Gene Patents Impeding Data Sharing? | Science
October 10, 2013 Leave a comment
Lock Up the Genome, Lock Down Research? by Eliot Marshall, Science
Researchers say that gene patents impede data sharing and innovation; patent lawyers say there’s no evidence for this.
(C)ritics say the system can work against innovators. Instead of promoting the sharing of ideas, it is often used to dam up knowledge. A handful of recent studies, for instance, have concluded that gene-related intellectual property has created a legal thicket that stymies biomedical science and locks away data that could improve clinical tests. Similar, but more muted, complaints have emerged in other fields, from computer science to engineering. That’s far from the innovation and sharing that the patent system is supposed to encourage, critics add.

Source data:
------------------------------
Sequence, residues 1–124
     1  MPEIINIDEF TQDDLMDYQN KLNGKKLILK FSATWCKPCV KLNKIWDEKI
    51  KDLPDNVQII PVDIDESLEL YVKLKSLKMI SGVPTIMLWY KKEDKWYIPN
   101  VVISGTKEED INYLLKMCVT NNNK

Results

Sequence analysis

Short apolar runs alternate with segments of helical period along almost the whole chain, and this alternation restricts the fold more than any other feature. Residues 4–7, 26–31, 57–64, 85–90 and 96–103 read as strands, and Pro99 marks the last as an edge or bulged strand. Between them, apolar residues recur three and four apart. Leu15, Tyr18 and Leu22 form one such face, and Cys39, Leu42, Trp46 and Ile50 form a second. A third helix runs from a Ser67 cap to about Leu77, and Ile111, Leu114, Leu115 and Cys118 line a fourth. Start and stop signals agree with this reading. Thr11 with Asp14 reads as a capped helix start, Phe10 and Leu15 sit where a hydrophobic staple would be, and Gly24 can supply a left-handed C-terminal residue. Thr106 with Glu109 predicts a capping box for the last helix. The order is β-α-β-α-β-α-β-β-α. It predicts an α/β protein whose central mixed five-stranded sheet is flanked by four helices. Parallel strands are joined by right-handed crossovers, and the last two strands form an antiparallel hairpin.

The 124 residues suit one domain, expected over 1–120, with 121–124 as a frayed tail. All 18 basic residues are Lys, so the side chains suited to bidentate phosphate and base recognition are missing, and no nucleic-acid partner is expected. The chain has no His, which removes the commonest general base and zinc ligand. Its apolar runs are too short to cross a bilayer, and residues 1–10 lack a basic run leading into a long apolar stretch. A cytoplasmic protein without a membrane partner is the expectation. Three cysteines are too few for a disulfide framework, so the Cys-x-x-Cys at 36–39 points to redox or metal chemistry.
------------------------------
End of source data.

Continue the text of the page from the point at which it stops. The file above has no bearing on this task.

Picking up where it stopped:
On the other side, champions of the patent system, including many lawyers and a former patent court chief judge who spoke with Science, say such attacks are unsupported by the evidence. Claims by gene patent critics, they argue, are based on emotion. “The idea that scientific researchers are being sued or threatened with lawsuits [for doing research] is a fiction,” says Paul Michel, former chief judge of the U.S. Court of Appeals for the Federal Circuit, the top patent review body below the Supreme Court. “I don’t know where this myth comes from.”
Some researchers, meanwhile, are working to sidestep patent battles by making sure that gene sequences and other kinds of data are quickly entered into public databases, where they are free to all.
Science 4 October 2013:
Vol. 342 no. 6154 pp. 72-73